Storyteller Kevin Kling says that, when he turns something into a story, it doesn’t control him anymore.
Storytelling accords us agency. We get to ask our big and small questions in our own words. Even if we don’t find the answer, we know by the asking that we’re not alone.
One form of trauma-focused therapy involves telling the story of the traumatic event, but with a positive ending. (For example, instead of the telling the story of the car accident, you tell a story of that car trip, in which you arrived safely at the intended destination.)
The trick with this is that the traumatic event still happened. If you’re living with the physical damage done by a car accident, telling a story about how you arrived safely at your intended destination doesn’t undo the very real physical damage.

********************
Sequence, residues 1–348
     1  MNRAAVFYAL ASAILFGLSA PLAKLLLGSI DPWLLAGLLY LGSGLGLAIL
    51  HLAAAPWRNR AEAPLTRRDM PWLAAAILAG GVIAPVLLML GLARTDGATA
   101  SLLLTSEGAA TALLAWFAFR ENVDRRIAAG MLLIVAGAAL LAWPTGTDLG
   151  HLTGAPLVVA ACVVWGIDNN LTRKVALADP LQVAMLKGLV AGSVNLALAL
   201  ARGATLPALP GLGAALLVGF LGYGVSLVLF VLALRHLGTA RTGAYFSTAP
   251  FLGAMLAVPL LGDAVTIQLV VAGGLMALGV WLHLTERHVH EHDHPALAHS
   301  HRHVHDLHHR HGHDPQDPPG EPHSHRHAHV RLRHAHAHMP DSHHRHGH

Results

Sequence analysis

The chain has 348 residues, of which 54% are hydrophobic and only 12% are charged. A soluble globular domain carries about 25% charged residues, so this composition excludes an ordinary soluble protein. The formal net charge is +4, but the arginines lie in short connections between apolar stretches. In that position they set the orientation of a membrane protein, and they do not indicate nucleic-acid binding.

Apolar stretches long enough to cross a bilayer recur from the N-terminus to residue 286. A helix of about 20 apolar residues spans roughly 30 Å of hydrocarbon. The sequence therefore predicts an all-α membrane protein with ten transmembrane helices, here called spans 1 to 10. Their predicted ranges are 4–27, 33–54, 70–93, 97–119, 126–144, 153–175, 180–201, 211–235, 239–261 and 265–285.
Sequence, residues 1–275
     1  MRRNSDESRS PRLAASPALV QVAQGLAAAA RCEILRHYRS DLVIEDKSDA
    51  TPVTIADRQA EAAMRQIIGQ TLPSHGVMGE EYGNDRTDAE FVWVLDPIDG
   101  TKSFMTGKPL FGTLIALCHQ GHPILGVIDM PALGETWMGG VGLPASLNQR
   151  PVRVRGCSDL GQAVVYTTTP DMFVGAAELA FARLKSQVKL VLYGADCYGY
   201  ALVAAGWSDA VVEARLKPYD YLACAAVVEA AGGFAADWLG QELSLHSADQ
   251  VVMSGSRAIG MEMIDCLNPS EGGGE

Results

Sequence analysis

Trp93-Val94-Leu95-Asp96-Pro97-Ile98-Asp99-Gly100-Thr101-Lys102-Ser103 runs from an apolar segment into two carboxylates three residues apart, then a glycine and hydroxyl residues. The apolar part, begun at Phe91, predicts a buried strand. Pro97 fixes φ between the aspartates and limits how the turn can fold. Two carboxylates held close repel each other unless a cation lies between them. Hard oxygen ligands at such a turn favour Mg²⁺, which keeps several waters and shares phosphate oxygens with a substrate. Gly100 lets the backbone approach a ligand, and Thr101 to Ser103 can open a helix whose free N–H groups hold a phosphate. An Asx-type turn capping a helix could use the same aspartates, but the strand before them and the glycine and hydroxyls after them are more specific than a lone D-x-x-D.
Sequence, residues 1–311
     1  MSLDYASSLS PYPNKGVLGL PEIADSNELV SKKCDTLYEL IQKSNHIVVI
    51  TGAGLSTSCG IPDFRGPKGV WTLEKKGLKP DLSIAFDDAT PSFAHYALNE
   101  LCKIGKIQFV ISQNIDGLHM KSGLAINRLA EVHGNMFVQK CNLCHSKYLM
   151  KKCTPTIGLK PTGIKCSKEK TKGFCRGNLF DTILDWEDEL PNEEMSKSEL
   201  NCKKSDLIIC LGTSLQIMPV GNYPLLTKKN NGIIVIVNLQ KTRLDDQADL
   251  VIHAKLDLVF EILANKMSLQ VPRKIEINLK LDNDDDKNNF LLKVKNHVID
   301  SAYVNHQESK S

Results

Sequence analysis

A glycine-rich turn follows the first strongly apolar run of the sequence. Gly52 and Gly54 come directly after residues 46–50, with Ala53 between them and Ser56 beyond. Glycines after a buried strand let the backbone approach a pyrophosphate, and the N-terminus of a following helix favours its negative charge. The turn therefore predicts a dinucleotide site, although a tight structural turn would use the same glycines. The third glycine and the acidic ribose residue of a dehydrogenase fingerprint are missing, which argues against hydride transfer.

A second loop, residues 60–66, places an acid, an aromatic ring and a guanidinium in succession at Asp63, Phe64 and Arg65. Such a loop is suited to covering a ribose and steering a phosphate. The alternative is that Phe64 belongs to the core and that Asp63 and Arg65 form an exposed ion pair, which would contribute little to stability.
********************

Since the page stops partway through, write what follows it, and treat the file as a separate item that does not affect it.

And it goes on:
What it can do is significantly dissipate the stress associated with the accident.
Struggling to fit the myths we create to make ourselves feel better with the reality we live in is totally legitimate. Loss cannot be cured, but it can be healed.
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